Under heated questioning, Mr Cooney admitted the changes were all intended to cast doubt on the impact of global warming. He denied they were directly co-ordinated with the White House but said he had regular conversations with a senior White House aide. "We got notes from them."

Notes? Notes from them? How Orwellian. Shouldn't the notes be going in the other direction? Shouldn't science be informing the politicians, not the politicians informing the science? Hansen went on to accuse the government of propaganda.

Control from the White House became the norm, Dr Hansen told the committee. "Scientific press releases were going to the White House for editing," he said. "It's very unfortunate that we developed this politicisation of science. The public relations office should be staffed by expert appointees - otherwise they become offices of propaganda."

For Hansen's full transcript, go to Climate Change Action. It's compelling reading. Here is James E. Hansen's homepage.

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Uni NSW research harnesses sea, sun for hydrogen fuel.

University of NSW researchers have been working on a revolutionary technology that uses sunlight to split sea water into hydrogen fuel, and water. It could be developed within a decade, and take another five years to be commercialised. But this is how long nuclear plants take to be built, and hydrogen fuel has two advantages - it's unlimited when sourced from seawater, and 100% clean, with water as the only by-product. It is yet-to-be-developed, but then so is the so-called 'clean-coal' saviour technology that the Howard government is pinning all our futures on.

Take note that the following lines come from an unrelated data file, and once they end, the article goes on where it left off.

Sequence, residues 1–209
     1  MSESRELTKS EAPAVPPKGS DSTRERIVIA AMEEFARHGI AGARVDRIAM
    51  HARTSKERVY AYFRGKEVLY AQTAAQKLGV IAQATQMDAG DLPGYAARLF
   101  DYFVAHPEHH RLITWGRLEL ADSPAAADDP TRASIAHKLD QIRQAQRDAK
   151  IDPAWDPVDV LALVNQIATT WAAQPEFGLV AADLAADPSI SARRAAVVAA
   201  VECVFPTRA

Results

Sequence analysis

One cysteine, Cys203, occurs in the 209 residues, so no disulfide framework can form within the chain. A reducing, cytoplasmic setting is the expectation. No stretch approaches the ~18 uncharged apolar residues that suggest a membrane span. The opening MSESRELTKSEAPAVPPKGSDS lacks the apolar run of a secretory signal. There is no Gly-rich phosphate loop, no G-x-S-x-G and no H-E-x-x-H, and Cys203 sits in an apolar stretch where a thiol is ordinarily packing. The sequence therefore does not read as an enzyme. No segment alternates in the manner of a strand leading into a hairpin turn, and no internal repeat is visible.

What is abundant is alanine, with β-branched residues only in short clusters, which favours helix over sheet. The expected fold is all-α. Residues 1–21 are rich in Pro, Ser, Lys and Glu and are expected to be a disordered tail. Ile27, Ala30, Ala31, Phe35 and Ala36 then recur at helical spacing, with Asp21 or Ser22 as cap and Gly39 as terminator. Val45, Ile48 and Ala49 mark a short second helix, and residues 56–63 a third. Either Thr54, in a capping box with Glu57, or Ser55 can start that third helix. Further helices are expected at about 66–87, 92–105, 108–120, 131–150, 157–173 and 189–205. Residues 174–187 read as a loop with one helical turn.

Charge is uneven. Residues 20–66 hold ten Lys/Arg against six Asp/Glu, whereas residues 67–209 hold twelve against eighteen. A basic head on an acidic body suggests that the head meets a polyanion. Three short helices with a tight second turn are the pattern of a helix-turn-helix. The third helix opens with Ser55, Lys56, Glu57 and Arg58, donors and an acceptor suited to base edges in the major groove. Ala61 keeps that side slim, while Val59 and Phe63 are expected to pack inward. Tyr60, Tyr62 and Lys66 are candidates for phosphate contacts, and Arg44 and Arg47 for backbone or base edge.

Best of all it decentralises energy production. :::[SMH]

Leigh Sheppard, of the University of NSW, estimated that 1.6 million of the solar devices, installed on rooftops, would be able to produce enough hydrogen gas to supply Australia's entire energy needs.

He believes, "It is the cleanest, greenest energy option for a sustainable economy.".

Its technique relies on using a light sensitive material, titanium dioxide, to harness the power of the sun to split water into oxygen and hydrogen gas. "The process has the additional advantage that it works best in sea water," Dr Sheppard said.

Australia was rich in titanium, and had abundant sunshine. "And we are surrounded by ocean."

It might also be possible to use artesian water, or pump sea water inland, to a large array of solar panels which could produce hydrogen for local use and even for export.

An area covering 40 square kilometres would meet the country's energy needs.

The process is safe because it mimics nature.